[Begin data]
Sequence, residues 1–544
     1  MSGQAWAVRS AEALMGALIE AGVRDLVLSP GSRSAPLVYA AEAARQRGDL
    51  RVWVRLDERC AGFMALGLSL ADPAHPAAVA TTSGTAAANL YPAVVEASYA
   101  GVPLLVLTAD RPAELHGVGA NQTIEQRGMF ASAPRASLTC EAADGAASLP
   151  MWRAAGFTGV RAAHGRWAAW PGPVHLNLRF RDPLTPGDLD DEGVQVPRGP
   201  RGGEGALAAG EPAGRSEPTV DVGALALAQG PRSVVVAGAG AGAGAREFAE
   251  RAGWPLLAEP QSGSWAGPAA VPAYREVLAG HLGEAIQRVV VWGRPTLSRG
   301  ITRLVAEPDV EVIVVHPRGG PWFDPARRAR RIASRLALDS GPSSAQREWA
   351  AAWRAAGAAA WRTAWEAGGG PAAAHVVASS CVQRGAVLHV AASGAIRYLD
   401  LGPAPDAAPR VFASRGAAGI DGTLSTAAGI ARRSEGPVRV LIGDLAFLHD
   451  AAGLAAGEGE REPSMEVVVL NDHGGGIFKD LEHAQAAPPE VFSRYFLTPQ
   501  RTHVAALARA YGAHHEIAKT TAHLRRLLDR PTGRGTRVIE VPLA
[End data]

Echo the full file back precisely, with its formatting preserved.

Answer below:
Sequence, residues 1–544
     1  MSGQAWAVRS AEALMGALIE AGVRDLVLSP GSRSAPLVYA AEAARQRGDL
    51  RVWVRLDERC AGFMALGLSL ADPAHPAAVA TTSGTAAANL YPAVVEASYA
   101  GVPLLVLTAD RPAELHGVGA NQTIEQRGMF ASAPRASLTC EAADGAASLP
   151  MWRAAGFTGV RAAHGRWAAW PGPVHLNLRF RDPLTPGDLD DEGVQVPRGP
   201  RGGEGALAAG EPAGRSEPTV DVGALALAQG PRSVVVAGAG AGAGAREFAE
   251  RAGWPLLAEP QSGSWAGPAA VPAYREVLAG HLGEAIQRVV VWGRPTLSRG
   301  ITRLVAEPDV EVIVVHPRGG PWFDPARRAR RIASRLALDS GPSSAQREWA
   351  AAWRAAGAAA WRTAWEAGGG PAAAHVVASS CVQRGAVLHV AASGAIRYLD
   401  LGPAPDAAPR VFASRGAAGI DGTLSTAAGI ARRSEGPVRV LIGDLAFLHD
   451  AAGLAAGEGE REPSMEVVVL NDHGGGIFKD LEHAQAAPPE VFSRYFLTPQ
   501  RTHVAALARA YGAHHEIAKT TAHLRRLLDR PTGRGTRVIE VPLA